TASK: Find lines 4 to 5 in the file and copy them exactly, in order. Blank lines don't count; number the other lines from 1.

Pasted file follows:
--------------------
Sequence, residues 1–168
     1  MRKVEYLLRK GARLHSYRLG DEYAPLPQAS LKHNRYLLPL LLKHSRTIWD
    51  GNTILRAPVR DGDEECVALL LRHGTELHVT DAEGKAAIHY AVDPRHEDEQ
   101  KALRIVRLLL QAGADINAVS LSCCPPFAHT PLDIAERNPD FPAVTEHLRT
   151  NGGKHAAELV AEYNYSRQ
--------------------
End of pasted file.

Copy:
   101  KALRIVRLLL QAGADINAVS LSCCPPFAHT PLDIAERNPD FPAVTEHLRT
   151  NGGKHAAELV AEYNYSRQ